British Columbia

3 Metro Vancouver employees fired in connection with deadly Cleveland Dam water surge

Three Metro Vancouver employees have been fired in connection with a deadly water surge that occurred when a spillway gate at the Cleveland Dam in North Vancouver opened unexpectedly during maintenance in early October.

Father and son were killed in early October after torrent of water was released due to human error

The Cleveland Dam was down to a trickle on Oct. 5 after a sudden surge of water killed two people downstream. (Yvette Brend/CBC News)

Three Metro Vancouver employees have been fired in connection with a deadly water surge that occurred when a spillway gate at the Cleveland Dam in North Vancouver opened unexpectedly during maintenance in early October.

A torrent of water was suddenly released into the Capilano River. Two men, a father and son who were downstream, were killed as a result.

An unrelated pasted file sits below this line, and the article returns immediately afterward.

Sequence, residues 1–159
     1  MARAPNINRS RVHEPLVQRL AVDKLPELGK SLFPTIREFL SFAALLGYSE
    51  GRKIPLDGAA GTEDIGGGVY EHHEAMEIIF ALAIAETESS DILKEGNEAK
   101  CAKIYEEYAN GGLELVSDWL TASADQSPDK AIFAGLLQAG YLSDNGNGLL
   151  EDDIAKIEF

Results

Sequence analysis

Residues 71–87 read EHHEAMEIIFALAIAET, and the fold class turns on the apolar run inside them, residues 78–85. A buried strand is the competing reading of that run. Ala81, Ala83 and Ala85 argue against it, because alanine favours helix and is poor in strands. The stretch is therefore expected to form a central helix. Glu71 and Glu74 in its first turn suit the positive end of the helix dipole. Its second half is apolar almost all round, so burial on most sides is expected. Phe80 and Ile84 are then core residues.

A preliminary report released a week after the Oct. 1 surge later found human error related to the programming of the control system was the "clearest contributing factor" in the tragedy.

"Metro Vancouver continues to co-operate fully with external agencies in their investigations and will not be providing further comment at this time," said the regional district in a statement.

When the water surged down the river, rising by three metres in a matter of minutes, it hit a popular fishing spot where a number of anglers were fishing. Two people pulled into the water were rescued and two swam to shore. Others standing near the water managed to scramble to higher ground before they were hit by the surge.

The preliminary report was released amid calls for Metro Vancouver to make the dam safer.

There is currently no siren or alarm system to warn people if the dam malfunctions. Such a warning system was never installed because of concerns the noise would annoy residents in the Glenmore and Grouse Woods neighbourhoods less than 400 metres away, according to engineering reports from the early 2000s.

The dam, built in 1954, has a history of malfunctioning. Inspection reports from WorkSafeBC detail two errors that left people in danger in 2002.

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